Loads an occupancy grid. This can be in a number of different formats, including Carmen, BeeSoft, Saphira Laser Map, among others.
Loads a Grid Map in the Carmen format, which is documented on the Carmen website http://www-2.cs.cmu.edu/~carmen/ . Note that all information in the Carmen file not related to the grid map is discarded.
Loads a grid map in the BeeSoft format.
Loads a world in the Player/Stage format – http://playerstage.sourceforge.net . This comprises of two files. The first, and the one you choose, is a text file with the extension “.world”. This describes the objects in the world, such as the robots. The second is an image file, usually with the extension “.pnm” or “.pgm”. This image is analogous to a grid map, and describes the position of obstacles in the environment.
Loads a grid map from a very simplistic grid file format. It starts with the word “gridpointlist”, followed by the width and height of the map. Then each point in the map is listed with its x position, y position and value of between 0 and 1. It looks like the following:
xPos yPos cellValue
xPos yPos cellValue
Loads a vector map in the Saphira (http://robots.activmedia.com) format. The Saphira format supports lines only, no filled objects.
Imports an image file and converts it into a map. Current supported image types for import are JPEG, BMP and PNM (for Player/Stage grid maps). All images are converted on a 1 pixel to 1 grid cell basis. Each pixel is normalised to a value between 0 and 1 depending on it’s brightness, which means all images are converted to greyscale.
Load a previously created path from a file with the extension .pat. For this to be meaningful, the path should have been generated on a map of the same environment it is being displayed on. The format of a path file is quite simple. The first entry in the file is the word “path”. As there can be multiple paths in a single file, each separate path is delimited by the words “begin” and “end”. Between these delimiters are the waypoints on the path in Cartesian coordinates, which break it up into straight line segments. A example of a path file is as follows, with two paths in the file, the first with two waypoints, and the second with three waypoints.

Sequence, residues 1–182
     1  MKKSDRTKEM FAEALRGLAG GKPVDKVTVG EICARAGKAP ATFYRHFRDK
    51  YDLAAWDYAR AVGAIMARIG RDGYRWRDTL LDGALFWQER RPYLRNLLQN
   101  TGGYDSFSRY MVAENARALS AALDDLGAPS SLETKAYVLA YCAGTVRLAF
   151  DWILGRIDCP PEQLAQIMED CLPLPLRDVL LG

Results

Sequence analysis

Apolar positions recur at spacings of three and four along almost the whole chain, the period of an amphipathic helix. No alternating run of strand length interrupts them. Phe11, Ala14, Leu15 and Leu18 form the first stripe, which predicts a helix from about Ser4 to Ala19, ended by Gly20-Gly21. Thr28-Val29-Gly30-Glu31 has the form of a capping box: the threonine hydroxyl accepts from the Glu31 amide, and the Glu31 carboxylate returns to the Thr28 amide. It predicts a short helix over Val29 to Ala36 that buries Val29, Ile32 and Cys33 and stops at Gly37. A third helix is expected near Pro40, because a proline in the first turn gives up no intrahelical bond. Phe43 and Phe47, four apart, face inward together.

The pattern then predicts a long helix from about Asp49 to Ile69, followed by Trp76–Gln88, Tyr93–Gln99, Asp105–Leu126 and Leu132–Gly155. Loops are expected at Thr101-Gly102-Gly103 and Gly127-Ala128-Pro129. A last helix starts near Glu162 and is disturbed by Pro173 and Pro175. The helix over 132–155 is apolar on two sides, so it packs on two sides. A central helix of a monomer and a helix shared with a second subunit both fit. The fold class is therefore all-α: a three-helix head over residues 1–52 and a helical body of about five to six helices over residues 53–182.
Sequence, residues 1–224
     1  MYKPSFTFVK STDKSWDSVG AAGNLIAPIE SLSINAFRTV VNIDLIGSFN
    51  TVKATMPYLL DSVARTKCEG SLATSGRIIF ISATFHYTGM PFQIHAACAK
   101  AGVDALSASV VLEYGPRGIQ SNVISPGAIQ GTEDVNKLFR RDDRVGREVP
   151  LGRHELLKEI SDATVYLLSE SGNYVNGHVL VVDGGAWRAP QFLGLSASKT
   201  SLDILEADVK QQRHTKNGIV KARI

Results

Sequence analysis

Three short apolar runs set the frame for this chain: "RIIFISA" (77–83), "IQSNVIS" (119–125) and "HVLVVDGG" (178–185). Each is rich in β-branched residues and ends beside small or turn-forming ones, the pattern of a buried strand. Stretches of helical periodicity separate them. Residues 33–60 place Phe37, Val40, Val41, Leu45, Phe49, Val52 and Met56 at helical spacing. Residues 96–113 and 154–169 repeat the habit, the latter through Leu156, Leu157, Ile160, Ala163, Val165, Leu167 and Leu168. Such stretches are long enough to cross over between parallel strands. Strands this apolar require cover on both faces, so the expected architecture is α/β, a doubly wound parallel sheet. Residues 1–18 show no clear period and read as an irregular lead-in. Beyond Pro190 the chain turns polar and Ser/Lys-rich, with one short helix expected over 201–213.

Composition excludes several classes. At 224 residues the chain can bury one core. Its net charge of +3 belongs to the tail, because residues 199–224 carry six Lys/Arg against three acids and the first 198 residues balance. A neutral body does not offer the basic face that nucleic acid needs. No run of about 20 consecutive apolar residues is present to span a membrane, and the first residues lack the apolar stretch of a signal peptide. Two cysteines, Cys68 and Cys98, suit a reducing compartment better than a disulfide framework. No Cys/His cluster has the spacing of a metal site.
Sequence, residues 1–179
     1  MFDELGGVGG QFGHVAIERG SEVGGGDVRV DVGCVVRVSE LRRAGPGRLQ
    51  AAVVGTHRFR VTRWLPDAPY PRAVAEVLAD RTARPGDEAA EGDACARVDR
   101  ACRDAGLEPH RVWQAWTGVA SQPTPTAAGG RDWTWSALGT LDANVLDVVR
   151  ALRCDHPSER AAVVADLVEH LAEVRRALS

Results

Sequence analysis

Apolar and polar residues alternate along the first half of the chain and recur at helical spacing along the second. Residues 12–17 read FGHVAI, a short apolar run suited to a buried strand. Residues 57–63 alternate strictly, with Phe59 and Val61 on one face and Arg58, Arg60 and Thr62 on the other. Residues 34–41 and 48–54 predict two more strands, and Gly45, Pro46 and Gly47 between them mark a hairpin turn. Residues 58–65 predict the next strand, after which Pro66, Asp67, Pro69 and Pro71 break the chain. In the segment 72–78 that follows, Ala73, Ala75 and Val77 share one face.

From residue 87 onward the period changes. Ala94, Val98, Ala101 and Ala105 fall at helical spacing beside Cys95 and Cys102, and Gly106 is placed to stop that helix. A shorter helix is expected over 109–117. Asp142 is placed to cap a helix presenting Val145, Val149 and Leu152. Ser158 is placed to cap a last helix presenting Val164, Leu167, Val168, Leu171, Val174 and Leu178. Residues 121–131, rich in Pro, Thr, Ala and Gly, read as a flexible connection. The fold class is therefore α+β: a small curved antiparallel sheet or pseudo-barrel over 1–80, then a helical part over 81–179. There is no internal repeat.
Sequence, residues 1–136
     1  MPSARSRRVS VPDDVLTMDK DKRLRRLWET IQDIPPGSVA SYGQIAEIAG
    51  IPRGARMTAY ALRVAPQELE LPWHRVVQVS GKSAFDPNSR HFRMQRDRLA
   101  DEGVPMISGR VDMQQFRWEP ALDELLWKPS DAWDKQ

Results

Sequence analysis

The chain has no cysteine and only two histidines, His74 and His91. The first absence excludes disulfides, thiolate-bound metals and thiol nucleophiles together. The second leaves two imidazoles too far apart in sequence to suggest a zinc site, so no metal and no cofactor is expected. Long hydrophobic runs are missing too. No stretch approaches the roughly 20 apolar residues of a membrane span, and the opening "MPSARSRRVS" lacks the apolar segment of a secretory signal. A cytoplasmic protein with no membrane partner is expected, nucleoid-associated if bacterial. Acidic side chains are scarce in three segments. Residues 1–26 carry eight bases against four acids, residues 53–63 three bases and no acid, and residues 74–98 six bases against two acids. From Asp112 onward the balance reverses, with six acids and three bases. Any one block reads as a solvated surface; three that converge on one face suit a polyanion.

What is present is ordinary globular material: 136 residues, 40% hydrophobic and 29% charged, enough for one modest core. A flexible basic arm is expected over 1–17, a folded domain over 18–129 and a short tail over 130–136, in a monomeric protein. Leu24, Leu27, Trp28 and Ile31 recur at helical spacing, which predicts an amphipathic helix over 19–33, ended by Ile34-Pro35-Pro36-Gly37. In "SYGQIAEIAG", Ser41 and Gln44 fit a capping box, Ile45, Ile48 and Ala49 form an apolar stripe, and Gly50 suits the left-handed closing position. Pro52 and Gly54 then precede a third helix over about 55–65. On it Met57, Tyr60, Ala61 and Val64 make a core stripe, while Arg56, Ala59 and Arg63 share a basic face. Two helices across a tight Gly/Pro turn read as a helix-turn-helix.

begin 118 40 312 43 end
begin 366 42 301 50 297 85 end
Loading path goal points (with extension .gol) loads the start and end points of a path and attempts to plot a path between those points with a modified A-Star algorithm. This differs from the Load Path menu item, which does not check if the path is valid. Upon loading the path goals, a dialog informs you how many paths were successful, and how many were not. The format of a path goal file is quite simple. It begins with the word “pathgoals”, then each start/end pair is represented by four numbers making up two Cartesian coordinates. For example, a path goal file with two paths looks like this:
118 40 312 43
366 42 297 85
The first path goes from the point (118,40) to (312,43), and the second from (366,42) to (297,85).